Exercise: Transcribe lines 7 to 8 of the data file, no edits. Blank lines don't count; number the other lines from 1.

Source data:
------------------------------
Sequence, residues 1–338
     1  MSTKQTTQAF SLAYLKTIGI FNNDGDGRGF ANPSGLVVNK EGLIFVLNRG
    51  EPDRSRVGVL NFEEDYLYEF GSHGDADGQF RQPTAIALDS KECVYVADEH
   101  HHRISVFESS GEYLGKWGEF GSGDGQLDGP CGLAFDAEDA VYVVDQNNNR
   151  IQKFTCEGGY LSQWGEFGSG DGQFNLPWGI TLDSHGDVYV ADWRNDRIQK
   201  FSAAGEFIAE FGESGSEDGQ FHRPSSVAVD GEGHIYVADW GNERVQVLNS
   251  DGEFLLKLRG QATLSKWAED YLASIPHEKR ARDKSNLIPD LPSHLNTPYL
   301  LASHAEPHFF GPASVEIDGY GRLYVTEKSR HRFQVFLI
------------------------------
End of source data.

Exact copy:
   251  DGEFLLKLRG QATLSKWAED YLASIPHEKR ARDKSNLIPD LPSHLNTPYL
   301  LASHAEPHFF GPASVEIDGY GRLYVTEKSR HRFQVFLI